Sunday, October 23, 2011

Can the Death of Yueyue Bring More Humanity to Leadership?

Yueyue, which translates as “little joy” in Chinese, is the little toddler who sadly died in hospital after she was run over in the street, not once, but twice and then lay on the ground bleeding while eighteen people walked or cycled by and ignored her pain.
Eventually an elderly lady helped get the little girl out of the road. She said, “I walked up in a hurry to the child and heard her groan. I lifted her up and saw that one of her eyes were closed, that she had tears in her eyes, and she was bleeding from her mouth, nose and the back of her head.”
The shocking incident was caught on CCTV and has stunned millions in China and around the World, with many saying their society, which has enjoyed 30 years of rapid development, is rotten and immoral.
Li Xiangping, a professor of religion at Huadong University, asked “what prompted such a sad phenomenon? Officials? The rich? Or is it our own cold heartedness?”
What’s frightening is that many people in China are hesitant to help people who appear in distress over fears that they will be blamed. High profile law suits have ended up with good Samaritans ordered to pay hefty fines to individuals they sought to help.” Of course the leadership, The Communist Officials, have called for tighter controls over reporting the incident for fear of a public backlash.
How mad is this? But let’s not fool ourselves that this is an incident peculiar to China – as this could have been a story from anywhere in today’s world. The professor from China asked if it is cold heartedness and others ask if it’s the fear of being blamed – but who’s asking if this should even be acceptable, in the slightest.
Those reading this far may be asking, but what has this to do with business and leadership – and the answer is – everything. Leaders set the example and define the values and ethics for others to follow. When values become engrained they become part of our daily lives and our basic moral compass. If one can turn ‘values’ on and off, one set of values for when you’re at work and then another set for when you’re away from work, then you don’t ‘own’ those values and you are simply pretending to enact them through compliance.
One of the core attributes of effective leadership is creating a culture that is owned by the whole organisation – hence the greater the number of effective leaders in the workplace then the greater the change in ‘positive values’, both in and outside the work place.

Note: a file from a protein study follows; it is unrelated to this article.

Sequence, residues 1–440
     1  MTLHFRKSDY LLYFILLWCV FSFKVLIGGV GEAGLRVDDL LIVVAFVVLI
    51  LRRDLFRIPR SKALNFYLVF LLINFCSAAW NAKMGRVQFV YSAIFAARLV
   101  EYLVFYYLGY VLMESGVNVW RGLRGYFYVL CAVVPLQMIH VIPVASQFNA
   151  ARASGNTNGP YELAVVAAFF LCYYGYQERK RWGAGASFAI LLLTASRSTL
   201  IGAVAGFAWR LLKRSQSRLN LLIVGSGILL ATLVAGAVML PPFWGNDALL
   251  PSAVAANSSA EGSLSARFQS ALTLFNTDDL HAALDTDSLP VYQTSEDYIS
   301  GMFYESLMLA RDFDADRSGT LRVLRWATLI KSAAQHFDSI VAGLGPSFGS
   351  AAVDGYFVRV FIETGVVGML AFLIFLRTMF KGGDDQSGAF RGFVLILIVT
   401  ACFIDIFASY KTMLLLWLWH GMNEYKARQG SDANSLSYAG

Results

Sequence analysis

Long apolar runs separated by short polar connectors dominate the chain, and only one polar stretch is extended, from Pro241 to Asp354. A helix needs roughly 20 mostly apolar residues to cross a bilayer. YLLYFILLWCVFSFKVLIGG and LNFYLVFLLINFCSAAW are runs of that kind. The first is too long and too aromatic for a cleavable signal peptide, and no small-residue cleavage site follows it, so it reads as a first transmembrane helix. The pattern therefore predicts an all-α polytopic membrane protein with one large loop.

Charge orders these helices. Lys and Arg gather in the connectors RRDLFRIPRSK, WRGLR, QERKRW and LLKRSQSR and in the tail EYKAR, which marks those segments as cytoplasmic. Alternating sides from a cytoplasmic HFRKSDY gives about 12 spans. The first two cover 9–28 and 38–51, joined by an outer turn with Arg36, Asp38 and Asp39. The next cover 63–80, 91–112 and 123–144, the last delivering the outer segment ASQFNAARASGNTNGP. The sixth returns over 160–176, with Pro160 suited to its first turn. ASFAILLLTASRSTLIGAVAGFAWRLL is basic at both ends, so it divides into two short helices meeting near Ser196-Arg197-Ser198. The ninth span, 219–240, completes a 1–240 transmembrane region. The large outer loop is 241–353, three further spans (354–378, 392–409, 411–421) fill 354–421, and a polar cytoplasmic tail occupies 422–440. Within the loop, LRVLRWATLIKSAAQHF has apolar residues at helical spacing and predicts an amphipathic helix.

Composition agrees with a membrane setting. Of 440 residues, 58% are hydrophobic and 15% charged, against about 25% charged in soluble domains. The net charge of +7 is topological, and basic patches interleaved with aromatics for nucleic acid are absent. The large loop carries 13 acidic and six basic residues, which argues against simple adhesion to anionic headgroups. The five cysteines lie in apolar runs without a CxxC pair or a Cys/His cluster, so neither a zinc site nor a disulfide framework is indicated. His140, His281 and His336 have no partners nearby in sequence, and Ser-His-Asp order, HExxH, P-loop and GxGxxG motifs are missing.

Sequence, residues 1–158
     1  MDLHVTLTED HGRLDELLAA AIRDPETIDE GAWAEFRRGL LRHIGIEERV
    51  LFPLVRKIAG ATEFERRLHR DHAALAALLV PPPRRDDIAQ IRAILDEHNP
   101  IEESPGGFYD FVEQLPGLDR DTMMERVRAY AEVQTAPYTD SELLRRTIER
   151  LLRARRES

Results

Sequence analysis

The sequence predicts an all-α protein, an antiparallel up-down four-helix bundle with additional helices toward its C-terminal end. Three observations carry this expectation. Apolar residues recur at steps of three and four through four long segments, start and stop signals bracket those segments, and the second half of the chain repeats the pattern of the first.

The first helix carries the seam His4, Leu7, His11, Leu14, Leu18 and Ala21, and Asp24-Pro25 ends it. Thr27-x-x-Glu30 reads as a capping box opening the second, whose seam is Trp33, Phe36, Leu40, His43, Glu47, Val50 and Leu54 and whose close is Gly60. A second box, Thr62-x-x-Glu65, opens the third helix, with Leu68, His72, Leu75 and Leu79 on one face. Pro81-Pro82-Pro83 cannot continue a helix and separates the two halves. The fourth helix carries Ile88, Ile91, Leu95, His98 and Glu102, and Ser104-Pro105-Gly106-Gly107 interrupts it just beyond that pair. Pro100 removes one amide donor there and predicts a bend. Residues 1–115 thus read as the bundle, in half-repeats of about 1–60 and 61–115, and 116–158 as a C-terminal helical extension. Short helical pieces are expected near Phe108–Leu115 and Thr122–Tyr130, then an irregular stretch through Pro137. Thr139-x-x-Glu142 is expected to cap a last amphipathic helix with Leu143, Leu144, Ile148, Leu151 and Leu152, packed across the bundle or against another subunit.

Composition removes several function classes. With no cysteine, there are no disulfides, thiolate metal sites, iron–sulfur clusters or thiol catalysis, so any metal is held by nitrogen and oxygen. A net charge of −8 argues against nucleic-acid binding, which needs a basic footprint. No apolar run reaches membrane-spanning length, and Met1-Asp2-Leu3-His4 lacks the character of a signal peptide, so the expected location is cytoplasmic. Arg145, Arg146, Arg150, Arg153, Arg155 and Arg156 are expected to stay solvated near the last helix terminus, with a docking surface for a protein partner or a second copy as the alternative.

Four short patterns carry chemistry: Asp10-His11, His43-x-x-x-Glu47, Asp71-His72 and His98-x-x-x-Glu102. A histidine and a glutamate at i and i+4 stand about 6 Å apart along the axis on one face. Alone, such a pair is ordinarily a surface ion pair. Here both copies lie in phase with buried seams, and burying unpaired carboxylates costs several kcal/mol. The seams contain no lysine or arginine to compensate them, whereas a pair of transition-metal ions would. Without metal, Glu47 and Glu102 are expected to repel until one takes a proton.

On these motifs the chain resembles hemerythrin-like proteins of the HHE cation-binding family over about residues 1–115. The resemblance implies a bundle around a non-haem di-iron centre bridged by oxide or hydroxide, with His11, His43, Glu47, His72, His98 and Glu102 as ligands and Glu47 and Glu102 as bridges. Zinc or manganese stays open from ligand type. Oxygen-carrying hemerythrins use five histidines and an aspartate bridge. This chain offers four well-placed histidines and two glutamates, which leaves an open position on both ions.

There are still too many colonial leaders in the business world, living and enacting an outdated form of ‘poor’ leadership – maybe scared of their own fragile weaknesses – and using a form of colonial power to have their way (and hide their inadequacies).
The worst outcome for our future is that these colonial leaders are scared of real talent and ensure that their successors are as weak as they are – ensuring a further generation of inadequate leadership without the backbone to stand up and ‘fight’ for the values the world yearns for.
In my lifetime I have seen amazing progress in technology, medicine and science - all improving our knowledge, our health, and our understanding of the earth and our universe. But sadly as fast as this amazing knowledge has developed – we, the human race, don’t seem to have made much progress from our sad and barbaric past.
If we are going to ignore a child bleeding in the street, whether out of fear or cold heartedness, don’t we all need to take a real good look at our moral compass?

Sunday, October 16, 2011

Are the E7 About to Take the Lead Over the G7?

They say the only place to go, once you’ve reached the top, is down. The G7 countries have been sitting at the top for some time now and maybe, just maybe, their time at the top is coming to an end and seven emerging markets are about to take over. History will tell us that no single nation has stayed at the top and, probably, all those that were there and then were knocked off their perch never saw it coming either – maybe something to do with the arrogance of dominating for too long.